With so many remarkable clean runnable waterfalls in the world it’s hard to say which destination wins the world’s best waterfalls title. For our purposes, we’ll share a few factors why Chile’s Seven Teacups National Park has been attracting the best pro kayakers but also intermediate to advanced kayaker’s seeking to experience the magic of the Claro canyon for 40 +PLUS years.
World’s Best Kayaker Waterfall Destination Criteria
Iconic Waterfalls –
Rio Claro’s “Throat of the Devil” spirals into Lucifer’s basalt chasm giving kayaker’s the ride and celebration of a lifetime. Nowhere else does a waterfall so smoothly bank 180 degrees giving the perfect ride. For decades’ kayakers skipped past this section lying between the Seven Teacups and Twenty Falls sections believing nothing was within the canyon. Once opened the section attracted the world’s best kayakers seeking to “get the shot” and ride of a lifetime.
Interested in experiencing the Chile’s Teacups. Click for Teacups +PLUS Trips Dropping this November.
Accessible Yet Cool Location –
Four hours south of Santiago in Chile’s arid vineyard district you drive high into the Andes where the road ends at the Seven Teacups National Park. The roads are still the way we like them, rough and rugged, and the area is lacking phones, electricity and internet. Chileans live off the land here and the thousands of annual tourists visit to gaze at the waterfalls and hike to the melting snow peaks.
For kayakers, the namesake Seven Teacups National Park are amongst some of the easiest waterfalls on the planet to run. Heck, PKH owner David Hughes at low water has both swam and SUP boarded the section. Due to tourism, there is a boardwalk above the falls creating great photo angles. Yet, kayakers still feel remote down in the canyon.
What most kayakers did not realize was that there are another four +PLUS sections of clean waterfalls upstream including: Twenty-Two Falls Canyon (IV), the Between Falls (III with portages), Five Teacups (III), and Throat of the Devil Canyon (V). Actually, there are more waterfall sections yet to be opened, but we’ll leave that for the pros.
“It’s easy to get lost hiking into the canyon sections. If you are going to do proper safety in the canyons you should have ropes and vertical Evac training. I’d rather loan rope equipment to young chargers than to see them go in these canyons without the ability Evac.” – PKH owner David Hughes
You can feel the high-energy build as you approach the park passing vineyards, four-wheel drive steep inclined rugged roads, flocks of free range sheep and livestock, Chileans working the land on horseback with their fleece chaps, and of course the clear blue river.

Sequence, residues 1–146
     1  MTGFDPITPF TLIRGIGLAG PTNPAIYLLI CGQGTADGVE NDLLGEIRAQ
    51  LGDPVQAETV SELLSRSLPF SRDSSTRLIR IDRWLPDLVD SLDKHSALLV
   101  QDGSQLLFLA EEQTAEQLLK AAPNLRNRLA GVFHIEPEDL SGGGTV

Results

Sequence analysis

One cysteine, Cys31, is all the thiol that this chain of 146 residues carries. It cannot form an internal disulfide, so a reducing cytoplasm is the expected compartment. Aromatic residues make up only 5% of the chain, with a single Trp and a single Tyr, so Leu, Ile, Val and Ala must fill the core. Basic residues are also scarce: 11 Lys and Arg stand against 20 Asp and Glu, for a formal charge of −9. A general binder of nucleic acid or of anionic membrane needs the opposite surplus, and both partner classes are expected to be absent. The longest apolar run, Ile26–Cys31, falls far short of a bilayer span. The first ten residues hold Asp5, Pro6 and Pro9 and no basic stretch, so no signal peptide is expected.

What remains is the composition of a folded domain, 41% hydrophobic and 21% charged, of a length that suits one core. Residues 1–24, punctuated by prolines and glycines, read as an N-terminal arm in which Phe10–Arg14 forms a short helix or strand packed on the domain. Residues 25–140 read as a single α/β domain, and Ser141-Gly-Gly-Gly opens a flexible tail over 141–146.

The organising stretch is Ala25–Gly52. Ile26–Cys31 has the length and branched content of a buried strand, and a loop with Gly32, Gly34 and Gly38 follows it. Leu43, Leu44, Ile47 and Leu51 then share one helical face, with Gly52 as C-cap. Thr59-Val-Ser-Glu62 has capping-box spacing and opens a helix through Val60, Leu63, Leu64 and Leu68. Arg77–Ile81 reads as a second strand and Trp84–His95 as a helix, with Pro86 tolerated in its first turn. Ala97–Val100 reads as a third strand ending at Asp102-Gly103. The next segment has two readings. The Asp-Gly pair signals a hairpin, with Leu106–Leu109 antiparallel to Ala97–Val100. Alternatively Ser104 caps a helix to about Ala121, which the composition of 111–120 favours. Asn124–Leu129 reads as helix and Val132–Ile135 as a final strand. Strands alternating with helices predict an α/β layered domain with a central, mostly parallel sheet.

Stoke Factor –
The 57 million-year-old basalt canyons have carved, milled and polished to perfection via draining super high flows from the annual Andean snow pack. Just looking down into the giant crack gets your adrenalin going. For added stoke we advise camping next to the drops under the wide open southern hemisphere celestial bodies. Hiking into the canyons is intense, hot, and tiring. You’ll need to know the hard to find access points and use ropes to both lower and extract kayaks on different sections. Once in the canyons there are two ways out: kayak drops or vertical Evac. The feeling of the desert heat is washed off by the cold clear water and the drops begin immediately. Every waterfall is a celebration that echo’s through the canyon with “whoops and hollars and hi fives.” This is a kayaker’s playground like no other. STOKE FACTOR. CHECK.
Is it Safe –
Nomadic kayakers could argue this point depending on section and more importantly levels. For our purposes, we want a destination that is within the reach of medical support and every river point being run is accessible for proper rescue. The first line of rescue is the actual team of kayakers within the canyon. Their biggest safety asset is their group experience both knowing the levels of the Teacups sections and their own whitewater rescue experience.
The sections can be dangerous if the levels are too high or too low. Too high and some of the walls that are normally just eddies make non-rescuable caves. The most famous is when pros opt to not run the Throat of the Devil section due to its high-water danger. But at perfect flows it may be the best rapid of your life. Twenty-Two Falls section also has some similar high-water dangers. But at high water the remaining three sections become more exciting offering kayaker’s new options. So there is always something thrilling to do with proper experience.
Two low and the normally fun waterfalls are akin to a seal launch into a green pool. We’ve heard of fractured spines on what would normally be a class III ten-foot cascade. Experience is key to good decision making.
Teacups Tip – Target the best time of year. Late December is going to be too low. Whereas, November is the optimal trip planning time to get those perfect soft landing flows.
Something for Every Kayaker Level –
By now most kayakers know about the pro-kayaker Throat of the Devil canyon with its kayak porn magazine cover shots and video releases. But class III kayakers have been coming to the Seven Teacups section for 40 +PLUS years. Nantahala Outdoor Center’s Jon Clark would annually pilgrimage kayak groups to experience the volcano formed anomaly twenty +PLUS years ago. Today, NOC continues the Jon Clark tradition giving kayakers the world’s best waterfall experience.
Adding to Jon’s “give ‘me the experience of a lifetime philosophy” NOC and PKH now spend more time at the Teacups park exploring more canyons and the +PLUS part… well that’s a whole other river valley and new blog.